Nemo Me Impune Lacessit

Thursday, 20 March 2008

Replaced My Radiator . . .

Filed under: Life — Tags: , , — mikewb1971 @ 5:26 AM (05:26)

Last Saturday (8 March 2008), as I arrived for the day job, I noticed a cloying, sweet smell. When I backed into my favorite parking spot, my engine was smoking. After turning off the engine and getting out of the car, I noticed coolant fluid (“the green stuff”) gushing out of the front left side of the car. When I finished my shift, I took a look and thought I saw that the radiator drain plug was missing. (I later found out that the plug is on the right-hand side of the radiator. Ha-ha — very funny.) Hoping for the best, I called Pep Boys, Autozone and Checker, all of whom have stores within walking distance of where I was parked. I asked each of them if they had on hand a radiator drain plug for a 1996 Saturn SL-2 — I figured that I’d replace the plug, refill the coolant, and be on my way. No dice — none of them had the plug in stock.

So I was stuck bumming rides for a few days. On Monday, 10 March, I called the Saturn dealership on Lomas here in Albuquerque — their parts guy said “No problem — we’ll overnight it in.” On Wednesday, 12 March, I picked up the drain plug (5 bucks) and went up to check on my car. One of my co-workers recommended checking local junkyards for replacement radiators — I called about ten such places after getting back home, and none of them had what I needed. So I went up to the Checker store at the Montano Plaza — not only did they give me the best price, but saved me ten bucks off that price (140 bucks).

On Friday, 14 March, I walked over to Home Depot before reporting to work and picked up some J.B. Weld from the glue section (in the Paint Department). I figured that if I could plug whatever leak there was, I could return the new radiator and save 140 bucks. On Monday, 17 March (Happy St. Patrick’s Day!), I applied the stuff before going to work. J.B. Weld is one of those two-tube kits, where you have to squirt out some from each tube and mix equal amounts of each together, then apply it with something disposable (I chose toothpicks). Just squeezing the stuff out of the tubes was a workout, and it starts to harden fast. Hey — the tube said it was rated to 600 degrees Fahrenheit, and there were testimonials on the package about people who used it to fix their engines . . . . I was rather surprised that the stuff came off extremely easily in the shower. The package said to allow the stuff 15 hours to cure before using the item it was used on, so I went to work.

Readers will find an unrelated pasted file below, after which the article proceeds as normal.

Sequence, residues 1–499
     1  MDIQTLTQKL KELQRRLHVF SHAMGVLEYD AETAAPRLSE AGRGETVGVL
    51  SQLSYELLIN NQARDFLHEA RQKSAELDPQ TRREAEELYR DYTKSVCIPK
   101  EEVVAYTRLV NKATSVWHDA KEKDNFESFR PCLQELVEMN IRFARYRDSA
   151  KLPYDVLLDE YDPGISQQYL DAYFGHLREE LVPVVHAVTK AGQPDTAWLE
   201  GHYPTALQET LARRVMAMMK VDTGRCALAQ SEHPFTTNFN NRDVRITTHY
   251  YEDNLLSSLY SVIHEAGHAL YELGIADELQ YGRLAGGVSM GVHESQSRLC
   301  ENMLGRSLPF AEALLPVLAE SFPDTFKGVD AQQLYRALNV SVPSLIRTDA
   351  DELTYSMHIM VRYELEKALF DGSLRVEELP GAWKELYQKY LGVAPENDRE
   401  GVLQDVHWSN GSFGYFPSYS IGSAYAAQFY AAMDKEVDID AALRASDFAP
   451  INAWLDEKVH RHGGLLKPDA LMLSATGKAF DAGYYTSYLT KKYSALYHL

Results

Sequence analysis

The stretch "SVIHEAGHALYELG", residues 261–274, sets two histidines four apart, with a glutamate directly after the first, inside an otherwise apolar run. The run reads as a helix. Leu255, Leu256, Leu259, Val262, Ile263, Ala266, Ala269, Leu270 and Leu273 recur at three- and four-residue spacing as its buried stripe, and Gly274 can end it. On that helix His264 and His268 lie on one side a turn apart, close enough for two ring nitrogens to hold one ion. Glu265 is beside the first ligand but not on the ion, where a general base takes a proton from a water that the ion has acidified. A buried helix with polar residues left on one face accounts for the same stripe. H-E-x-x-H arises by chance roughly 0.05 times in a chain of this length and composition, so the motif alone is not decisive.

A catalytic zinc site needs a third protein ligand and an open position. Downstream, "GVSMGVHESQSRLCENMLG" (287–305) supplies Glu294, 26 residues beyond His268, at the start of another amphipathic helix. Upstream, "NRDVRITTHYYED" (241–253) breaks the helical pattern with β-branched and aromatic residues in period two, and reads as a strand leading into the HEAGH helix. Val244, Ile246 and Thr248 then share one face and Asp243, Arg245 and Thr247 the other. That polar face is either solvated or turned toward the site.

The next day (Tuesday, 18 March), I went out and poured a bottle of water into the coolant fill port. When it didn’t come out of the bottom of the car, I assumed that everything was OK. So I poured some coolant in . . . and watched it gushing out about a minute later, from the same area that it had on Saturday, 8 March. That’s when I started pulling things apart to swap out the old radiator for the new one.

Actually, I was surprised at how easy the whole operation was — I only needed one socket (3/8-inch), one wrench (1/2-inch), a flat-head screwdriver and a pair of channel-lock pliers. The hose connections and mounting brackets were easy to access, and the hardest part was the actual extraction of the old unit, and the placement of the new one. The whole job took me about three hours, blasting Overkill CDs the whole time. And I saved myself about the 300 — 400 bucks that a mechanic would charge for the job in the process.

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